The death of a Palestinian activist exposes some brutal realities
May 17, 2016 | Gareth Narunsky
PALESTINIAN activist Baha Nababta was passionate about helping his community in the Shuafat refugee camp in east Jerusalem. In addition to being the head of the local volunteer fire department, he helped to pave roads, remove garbage and set up emergency medical services.
For this service to his people, he was brutally murdered last week – apparently because in order to achieve these improvements, he liaised with Israeli authorities.
The 31-year-old married father of two children was shot seven times at 11:30pm on Monday, May 2, before his assailant fled on a motorbike.
According to the Jerusalem Post, Nababta had previously told Israeli Meretz politician Dr Meir Margalit, with whom he worked to improve the infrastructure in Shuafat, that he feared for his life:
“More than once he told me that people in the refugee camp accused him of being a collaborator with Israel,” said Margalit. “That was because in order to solve the problems in the camp, he had to be in contact with the Jerusalem Municipality, the police, Interior Ministry, and other different Israeli institutions.”
“There was no other way to address the problems in this camp without being in touch with the Israeli Government,” continued Margalit, who was shaken by the news of Nababta’s violent death.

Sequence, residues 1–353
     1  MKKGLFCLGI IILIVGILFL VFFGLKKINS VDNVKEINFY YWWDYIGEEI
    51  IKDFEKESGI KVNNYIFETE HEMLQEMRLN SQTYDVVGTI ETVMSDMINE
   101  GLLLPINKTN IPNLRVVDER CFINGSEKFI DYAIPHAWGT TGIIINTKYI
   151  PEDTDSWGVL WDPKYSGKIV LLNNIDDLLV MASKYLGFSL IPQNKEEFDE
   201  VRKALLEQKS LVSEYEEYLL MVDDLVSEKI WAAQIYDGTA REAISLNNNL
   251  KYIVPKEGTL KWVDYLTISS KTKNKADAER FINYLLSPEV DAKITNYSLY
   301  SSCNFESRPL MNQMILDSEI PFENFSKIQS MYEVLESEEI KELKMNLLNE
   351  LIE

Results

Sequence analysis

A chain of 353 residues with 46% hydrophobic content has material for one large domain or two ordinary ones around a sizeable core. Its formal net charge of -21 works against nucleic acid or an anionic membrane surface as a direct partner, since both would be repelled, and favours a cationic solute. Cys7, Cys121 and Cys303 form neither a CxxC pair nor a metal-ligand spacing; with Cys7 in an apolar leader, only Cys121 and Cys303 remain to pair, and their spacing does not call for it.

“It’s terrible, but I guess that the type of message to all Palestinians who work with Israel is stop doing it, or you will end up like Nababta.”
A crime-ridden neighbourhood of 80,000 Palestinians, Shuafat is part of the Jerusalem Municipality but is cut off from the city by the security barrier. Nababta himself discussed the problems of the area in this BBC Panorama documentary (you can see him from 12:37 onwards):
Nababta’s murder was ignored by the Palestinian media, according to Elder of Ziyon.
The Jerusalem Municipality, and Israel itself, are often strongly criticised because the services to Palestinian neighbourhoods of east Jerusalem – especially those beyond the security barrier – are inferior to those in Jewish neighbourhoods (for an example, here’s a report from ACRI, a majority-European-funded left-wing Israel NGO, on the subject). But the horrifying story of Baha Nababta exposes that the problem is more complex than such groups make out.
While there is certainly a case that Israel should be seeking ways to do more to improve services in these areas, it also must be recognised that doing so is immensely complex and difficult. Neighbourhoods like Shuafat are largely controlled by armed gangs of thugs, who often claim to act in the name of Palestinian nationalism, but often behave like regular criminal gangs in other cities. These criminal elements make it very hard for Israeli municipal workers to access these areas safely.
Nor can the municipality work with local community leaders to arrange for services to be delivered – or even to hear about their priorities and attempt to address them – because any contact with Israeli authorities is seen by these armed gangs as “collaboration”, effectively a death sentence.
What both Israel and the residents of east Jerusalem need to fix these problems are more people like Baba Nababta – people whose primary concern is improving the life of residents, not promoting hatred and conflict in the name of ideological purity. Sadly, such people are few and far between – and with Nababta’s murder, are even less likely to run the risks required to constructively upgrade services to their fellow Palestinian residents.